Have you ever noticed the taste of your own cooking becoming too familiar? It happens to me often. I first noticed it when Bogdan made butter chicken one night in late winter this year. We were in the middle of our first whole30 and experimenting with making different recipes compliant. One of our favourites was butter chicken with coconut milk instead of dairy and riced cauliflower instead of basmati. I made it quite often. It was a quick, warming, stick-to-your-ribs meal perfect for cold February weeknights. I don’t remember why but that particular night Bogdan decided he would make it. Bogdan can cook, he just doesn’t do it very often so I wasn’t expecting the level of flavour development he achieved in his 30 minute stint in the kitchen. When I took the first bite I was blown away by the flavours.The dish was bright, fragrant, and captivating. I ate, quietly mesmerized. I couldn’t figure out how he had made a familiar dish so exciting. It was like a jolt. A reawakening. A reminder of why I do what I do. Why food is at the centre of it all.
That experience made me realize that when one cooks, they leave a signature that makes the food their own. That probably sound obvious but even so it’s definitely taken for granted. It has little to do with following recipes and everything to do with personal style. That’s why nothing will ever taste like mom’s cooking. It’s the same reason my own cooking often starts becoming too familiar. I know my own cooking. I know my own methods and can usually anticipate how something will taste. That’s why I was so floored when I tasted these curried carrot and quinoa cakes. For a recipe I came up with to make use of juicer pulp (after making carrot juice gajar halwa gummies) these were phenomenal.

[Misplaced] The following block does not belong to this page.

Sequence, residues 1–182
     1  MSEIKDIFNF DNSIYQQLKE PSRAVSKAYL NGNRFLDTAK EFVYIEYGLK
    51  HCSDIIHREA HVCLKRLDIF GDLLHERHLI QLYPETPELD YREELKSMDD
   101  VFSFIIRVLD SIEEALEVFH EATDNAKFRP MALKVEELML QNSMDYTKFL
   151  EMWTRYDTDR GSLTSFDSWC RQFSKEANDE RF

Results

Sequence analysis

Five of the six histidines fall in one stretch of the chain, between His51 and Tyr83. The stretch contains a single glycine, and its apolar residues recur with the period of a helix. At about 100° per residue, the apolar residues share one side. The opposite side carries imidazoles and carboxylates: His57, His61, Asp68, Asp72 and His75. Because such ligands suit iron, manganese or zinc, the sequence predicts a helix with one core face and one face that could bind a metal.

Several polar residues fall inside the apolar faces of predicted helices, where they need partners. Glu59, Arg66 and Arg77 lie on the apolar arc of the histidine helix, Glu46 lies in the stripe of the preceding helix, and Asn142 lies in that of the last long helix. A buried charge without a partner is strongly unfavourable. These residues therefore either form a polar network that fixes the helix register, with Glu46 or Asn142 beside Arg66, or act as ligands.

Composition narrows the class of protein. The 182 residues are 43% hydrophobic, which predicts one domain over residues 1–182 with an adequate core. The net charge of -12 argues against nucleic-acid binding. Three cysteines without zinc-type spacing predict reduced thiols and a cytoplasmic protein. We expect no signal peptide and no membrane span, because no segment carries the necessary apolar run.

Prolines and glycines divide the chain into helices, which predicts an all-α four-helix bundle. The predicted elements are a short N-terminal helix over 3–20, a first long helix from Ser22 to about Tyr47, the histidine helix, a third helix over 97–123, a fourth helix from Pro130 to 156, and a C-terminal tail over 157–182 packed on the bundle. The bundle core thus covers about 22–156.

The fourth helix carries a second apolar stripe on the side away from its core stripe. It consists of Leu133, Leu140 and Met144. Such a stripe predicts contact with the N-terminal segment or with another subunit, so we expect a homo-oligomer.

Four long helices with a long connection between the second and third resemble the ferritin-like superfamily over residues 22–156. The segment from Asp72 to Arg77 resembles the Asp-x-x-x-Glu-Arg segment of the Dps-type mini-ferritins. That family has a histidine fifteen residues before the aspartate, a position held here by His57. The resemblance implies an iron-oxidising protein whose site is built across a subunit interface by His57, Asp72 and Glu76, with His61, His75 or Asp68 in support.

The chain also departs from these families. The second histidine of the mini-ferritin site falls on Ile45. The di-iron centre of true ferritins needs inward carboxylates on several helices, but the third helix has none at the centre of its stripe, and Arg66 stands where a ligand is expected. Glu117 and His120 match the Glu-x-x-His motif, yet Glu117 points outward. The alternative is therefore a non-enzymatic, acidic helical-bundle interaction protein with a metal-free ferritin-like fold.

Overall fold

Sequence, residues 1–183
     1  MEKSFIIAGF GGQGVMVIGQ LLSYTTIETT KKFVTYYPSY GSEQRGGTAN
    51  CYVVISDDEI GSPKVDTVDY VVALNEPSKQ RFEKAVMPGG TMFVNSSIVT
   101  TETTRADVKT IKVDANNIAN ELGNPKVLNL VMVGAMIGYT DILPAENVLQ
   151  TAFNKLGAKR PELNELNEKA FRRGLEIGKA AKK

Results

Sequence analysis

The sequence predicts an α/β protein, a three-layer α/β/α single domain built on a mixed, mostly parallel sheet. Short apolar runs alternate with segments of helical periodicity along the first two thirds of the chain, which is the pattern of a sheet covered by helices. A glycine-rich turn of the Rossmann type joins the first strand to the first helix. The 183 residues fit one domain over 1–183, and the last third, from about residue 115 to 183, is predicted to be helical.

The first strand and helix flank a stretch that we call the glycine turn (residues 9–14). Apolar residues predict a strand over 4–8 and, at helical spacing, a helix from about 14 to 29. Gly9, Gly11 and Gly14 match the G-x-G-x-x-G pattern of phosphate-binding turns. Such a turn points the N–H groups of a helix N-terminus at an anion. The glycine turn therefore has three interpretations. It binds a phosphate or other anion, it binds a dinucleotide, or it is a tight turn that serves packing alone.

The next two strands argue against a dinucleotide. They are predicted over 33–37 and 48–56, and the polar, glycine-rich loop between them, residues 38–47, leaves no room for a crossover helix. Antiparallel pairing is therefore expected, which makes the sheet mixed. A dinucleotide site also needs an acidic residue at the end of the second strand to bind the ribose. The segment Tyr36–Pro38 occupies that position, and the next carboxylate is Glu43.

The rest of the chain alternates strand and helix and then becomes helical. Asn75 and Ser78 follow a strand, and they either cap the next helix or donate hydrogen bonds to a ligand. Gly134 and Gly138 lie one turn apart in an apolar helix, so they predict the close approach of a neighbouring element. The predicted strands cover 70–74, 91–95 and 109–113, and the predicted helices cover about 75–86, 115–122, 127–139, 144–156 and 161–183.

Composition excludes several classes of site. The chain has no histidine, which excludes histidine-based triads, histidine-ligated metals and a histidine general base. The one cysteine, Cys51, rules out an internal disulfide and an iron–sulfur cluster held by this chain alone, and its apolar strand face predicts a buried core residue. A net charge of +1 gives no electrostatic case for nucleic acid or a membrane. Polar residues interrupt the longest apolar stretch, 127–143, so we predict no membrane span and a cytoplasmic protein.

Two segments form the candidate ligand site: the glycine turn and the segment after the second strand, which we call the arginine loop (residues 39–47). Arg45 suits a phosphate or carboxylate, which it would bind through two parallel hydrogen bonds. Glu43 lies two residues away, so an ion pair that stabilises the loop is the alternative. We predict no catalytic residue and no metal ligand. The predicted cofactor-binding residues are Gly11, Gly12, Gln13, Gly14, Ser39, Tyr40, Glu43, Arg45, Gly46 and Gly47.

Knowing every step and ingredient can take some of the magic out of that first bite but that was definitely not the case here. These cakes have a perfect crisp crust enveloping the mouth-watering interplay of herbs and spices in an unexpectedly meaty filling. Writing this is making me want to make them again tonight. As I told Bogdan last night through mouthfuls of carrot and quinoa “I would juice just to make these.” On that note, I did use juicer pulp to make them and I know some people might not have juicers. I haven’t tried it but I think you could replicate this effect if you grated carrot and then squeezed out the liquid with some cheesecloth.
It’s a lot of work but I would do it for these cakes. They’re that good. Again, I haven’t tried it so this isn’t a recommendation but if you really want to have them then this might be a good way.
2.5 cups / 600 mL carrot pulp
3 eggs, lightly beaten
2 cups cooked quinoa
1/4 cup finely diced red onion
1/4 cup diced cilantro
3 cloves of garlic (mashed)
1 cm x 1cm cube of ginger (mashed)
1 TBSP curry powder
2 tsp garam masala
2 tsp salt
½ tsp cumin
½ tsp coriander
½ tsp turmeric
¼ tsp cardamom
pinch of cinnamon
5 TBSP ghee for frying
Mix all ingredients in a bowl until well combined.
Form mix into either large (burger sized) or smaller falafel sized patties.
Heat ghee in a non-stick pan on medium heat.
Once heated, place patties in pan without crowding. Fry on medium heat uncovered for 5-7 minutes. The idea is to form a crust on the bottom. If the heat is too high they’ll burn instead of crisping.
Once a crust has formed (you can usually tell if they’re easier to pick up with a spatula) then flip and cook on the next side for another 5-7 minutes.
Best served hot with a spicy raita.
Also for anyone wondering, the chilies in the pictures aren’t in the actual recipe (though you could add them if you wanted to) they were used in the raita I made to go with the cakes. I’ll try to get that recipe posted soon too.